China’s first international film festival kicked off on Sunday, and as the leading arbiter of China’s independent film industry, the event once again featured programs focused on China’s emerging talent. There are feature films, documentaries and short films. Lots and lots of shorts. There’s even a special section dedicated to short films or smartphone features that don’t exceed five minutes.
Long-form international films are also front and center – it will be interesting to see if Malaysian director Jing An’s harrowing social drama
Abang Adik continues in the central Chinese city of Xining, after winning awards as far away as Switzerland and Italy – but mostly FIFF is a place where people come to see Chinese films next.
Of course, comparisons can be made with indie bellwether Sundance, and not just because Xining’s height is about 2,98 meters. The festival regularly attracts the country’s biggest stars more than its 16 previous editions, and 2017 was no exception. The main judging panel, chaired by Chen Chong, includes star-turned-filmmaker Yao Chen, who has more than 27 million followers on China’s Twitter-like social media platform, as well as popular singer-turned-actor Li Zongsheng, who just landed a role in the box-office hit “Man Jiang Hong” .
Overall, there will be 80 films participating in FIFF for nine days, including 27 feature films and 16 short films. After watching the program carefully, 《Hollywood Reporter》 has selected five long-form local feature films that we think audiences in Xining will not want to miss.
Academy of Art 982017, Director: Liu Jian 2017
A painter, first of all, by profession, director Liu Jian extended his scope into animation, as this particular aspect of the Chinese film industry has emerged over the past years or so. While big animated epics have been grabbing headlines and audiences at home lately, Liu has previously pursued a grittier aesthetic, notably the urban thriller “Have a Nice Day,” which is in the running for Berlin’s Golden Bear. Here, Liu seems to be creating a softer, reflective mood with a story about early 27 art students adjusting to China’s ongoing reforms and how those reforms are changing the society around them.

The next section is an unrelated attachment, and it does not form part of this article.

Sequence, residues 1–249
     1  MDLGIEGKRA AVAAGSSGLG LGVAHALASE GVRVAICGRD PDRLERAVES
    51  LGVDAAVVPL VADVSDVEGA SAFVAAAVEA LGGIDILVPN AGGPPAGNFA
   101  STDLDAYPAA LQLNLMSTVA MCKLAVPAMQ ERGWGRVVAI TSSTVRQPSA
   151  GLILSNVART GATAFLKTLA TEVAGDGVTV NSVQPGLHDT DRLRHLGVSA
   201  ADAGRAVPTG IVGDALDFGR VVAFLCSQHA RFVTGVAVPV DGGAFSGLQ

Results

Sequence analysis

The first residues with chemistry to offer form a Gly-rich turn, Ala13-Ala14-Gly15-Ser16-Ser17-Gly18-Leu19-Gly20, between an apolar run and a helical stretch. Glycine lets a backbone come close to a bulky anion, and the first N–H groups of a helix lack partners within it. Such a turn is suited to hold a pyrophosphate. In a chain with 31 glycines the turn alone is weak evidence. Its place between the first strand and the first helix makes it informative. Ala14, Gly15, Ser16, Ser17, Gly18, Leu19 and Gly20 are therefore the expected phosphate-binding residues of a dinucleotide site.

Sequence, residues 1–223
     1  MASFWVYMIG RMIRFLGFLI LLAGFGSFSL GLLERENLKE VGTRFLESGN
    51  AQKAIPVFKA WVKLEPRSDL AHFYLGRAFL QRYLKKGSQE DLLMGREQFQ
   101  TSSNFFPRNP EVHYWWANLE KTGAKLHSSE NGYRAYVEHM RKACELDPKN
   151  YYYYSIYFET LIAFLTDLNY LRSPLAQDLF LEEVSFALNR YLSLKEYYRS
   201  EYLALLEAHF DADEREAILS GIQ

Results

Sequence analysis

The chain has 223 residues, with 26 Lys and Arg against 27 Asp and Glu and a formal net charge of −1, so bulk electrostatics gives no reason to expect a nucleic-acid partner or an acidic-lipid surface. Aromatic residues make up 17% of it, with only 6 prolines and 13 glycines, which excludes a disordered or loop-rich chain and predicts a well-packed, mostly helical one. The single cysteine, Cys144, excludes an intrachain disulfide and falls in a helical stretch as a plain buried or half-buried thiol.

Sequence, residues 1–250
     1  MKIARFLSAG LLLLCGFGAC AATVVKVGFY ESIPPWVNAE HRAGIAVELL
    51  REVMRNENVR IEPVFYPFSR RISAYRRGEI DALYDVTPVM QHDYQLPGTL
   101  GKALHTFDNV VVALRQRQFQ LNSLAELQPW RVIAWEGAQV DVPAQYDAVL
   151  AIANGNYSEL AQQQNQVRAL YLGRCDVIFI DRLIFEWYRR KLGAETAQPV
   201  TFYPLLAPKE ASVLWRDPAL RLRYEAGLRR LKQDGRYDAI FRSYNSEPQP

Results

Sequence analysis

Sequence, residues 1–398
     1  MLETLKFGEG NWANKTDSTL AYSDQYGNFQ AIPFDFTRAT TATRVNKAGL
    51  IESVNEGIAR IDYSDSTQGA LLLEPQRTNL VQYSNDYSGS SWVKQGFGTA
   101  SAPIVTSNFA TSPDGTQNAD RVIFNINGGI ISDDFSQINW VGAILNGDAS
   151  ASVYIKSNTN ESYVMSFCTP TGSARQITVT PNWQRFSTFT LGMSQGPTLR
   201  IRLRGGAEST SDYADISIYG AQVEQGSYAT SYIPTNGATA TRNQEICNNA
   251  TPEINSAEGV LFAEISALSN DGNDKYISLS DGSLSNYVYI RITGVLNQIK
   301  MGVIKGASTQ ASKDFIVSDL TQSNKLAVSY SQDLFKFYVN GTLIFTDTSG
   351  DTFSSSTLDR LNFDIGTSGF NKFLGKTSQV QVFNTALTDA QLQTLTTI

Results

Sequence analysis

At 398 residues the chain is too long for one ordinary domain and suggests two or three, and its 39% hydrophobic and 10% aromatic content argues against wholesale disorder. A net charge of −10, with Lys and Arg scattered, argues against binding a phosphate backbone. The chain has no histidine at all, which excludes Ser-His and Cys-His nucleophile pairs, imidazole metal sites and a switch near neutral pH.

Way Out , Director: Sophia Han 2017
Director Sophia Han was inspired by stories of women’s labor in China’s desolate Qaidam Basin. A race car driver’s call for help harkens back to a tragic past case of a group of young girls stranded in the desert. He Dujuan, the star of the Chinese sci-fi hit drama “Three-Body Problem”, starred in the lead role. Han once served in commercials for Tsui Hark, Zhang Yimou and others.
The storm is coming , director Xiao Hai
Director Xiao Hai made a detour into the film industry, first studying in the oil painting department of Guangzhou Academy of Fine Arts. Southern China Fine Art. Then commercials and special effects, and finally a feature film that focuses on two urban couples whose relationship is tested as their fates are pieced together by kidnappers. The director says it’s all about love, and explores what people might do if they decide they want to save it.
“Bitter Sweet Ballad”, directed by Liang Junjian
The festival has five feature-length documentaries across different competitions. Here, he tells about the first middle school in Beijing created specifically for the children of migrant workers, and how the school set up a choir to help them adapt to the new environment and the pressures of growing up. “These children showed tender yet resilient vitality, embodying the philosophy of growth,” Liang said.
HOT TOPIC , directed by Xin Yukun
Acclaimed actress Zhou Dongyu just made her Cannes debut in Singaporean director Tony Tan’s critically acclaimed thriller Icebreaker , another poignant take on online media and the profound impact published articles have on ordinary people’s lives. These stories are widely circulated. Director Xin Yukun is one of many Chinese filmmakers who started their careers with FIFF. His debut film Coffin in the Mountain won the Best Feature Film Award in Xining 2017 and went on to perform at film festivals in places like Venice and Hong Kong.